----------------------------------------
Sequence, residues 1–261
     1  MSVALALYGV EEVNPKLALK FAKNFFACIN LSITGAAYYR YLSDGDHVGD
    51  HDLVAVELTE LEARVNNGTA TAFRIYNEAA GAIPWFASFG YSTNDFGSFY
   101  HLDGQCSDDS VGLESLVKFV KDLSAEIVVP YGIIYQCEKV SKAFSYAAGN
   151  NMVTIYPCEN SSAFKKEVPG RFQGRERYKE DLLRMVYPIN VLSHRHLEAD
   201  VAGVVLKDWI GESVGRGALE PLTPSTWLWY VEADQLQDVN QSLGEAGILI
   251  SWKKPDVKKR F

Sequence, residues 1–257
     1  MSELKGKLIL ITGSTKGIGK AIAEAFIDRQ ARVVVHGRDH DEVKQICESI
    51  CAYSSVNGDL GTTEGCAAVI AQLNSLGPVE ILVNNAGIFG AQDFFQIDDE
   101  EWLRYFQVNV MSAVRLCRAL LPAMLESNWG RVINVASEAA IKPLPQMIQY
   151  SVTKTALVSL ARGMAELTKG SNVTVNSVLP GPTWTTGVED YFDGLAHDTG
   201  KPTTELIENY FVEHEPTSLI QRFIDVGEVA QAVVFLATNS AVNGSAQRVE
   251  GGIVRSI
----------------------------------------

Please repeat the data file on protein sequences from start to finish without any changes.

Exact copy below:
Sequence, residues 1–261
     1  MSVALALYGV EEVNPKLALK FAKNFFACIN LSITGAAYYR YLSDGDHVGD
    51  HDLVAVELTE LEARVNNGTA TAFRIYNEAA GAIPWFASFG YSTNDFGSFY
   101  HLDGQCSDDS VGLESLVKFV KDLSAEIVVP YGIIYQCEKV SKAFSYAAGN
   151  NMVTIYPCEN SSAFKKEVPG RFQGRERYKE DLLRMVYPIN VLSHRHLEAD
   201  VAGVVLKDWI GESVGRGALE PLTPSTWLWY VEADQLQDVN QSLGEAGILI
   251  SWKKPDVKKR F

Sequence, residues 1–257
     1  MSELKGKLIL ITGSTKGIGK AIAEAFIDRQ ARVVVHGRDH DEVKQICESI
    51  CAYSSVNGDL GTTEGCAAVI AQLNSLGPVE ILVNNAGIFG AQDFFQIDDE
   101  EWLRYFQVNV MSAVRLCRAL LPAMLESNWG RVINVASEAA IKPLPQMIQY
   151  SVTKTALVSL ARGMAELTKG SNVTVNSVLP GPTWTTGVED YFDGLAHDTG
   201  KPTTELIENY FVEHEPTSLI QRFIDVGEVA QAVVFLATNS AVNGSAQRVE
   251  GGIVRSI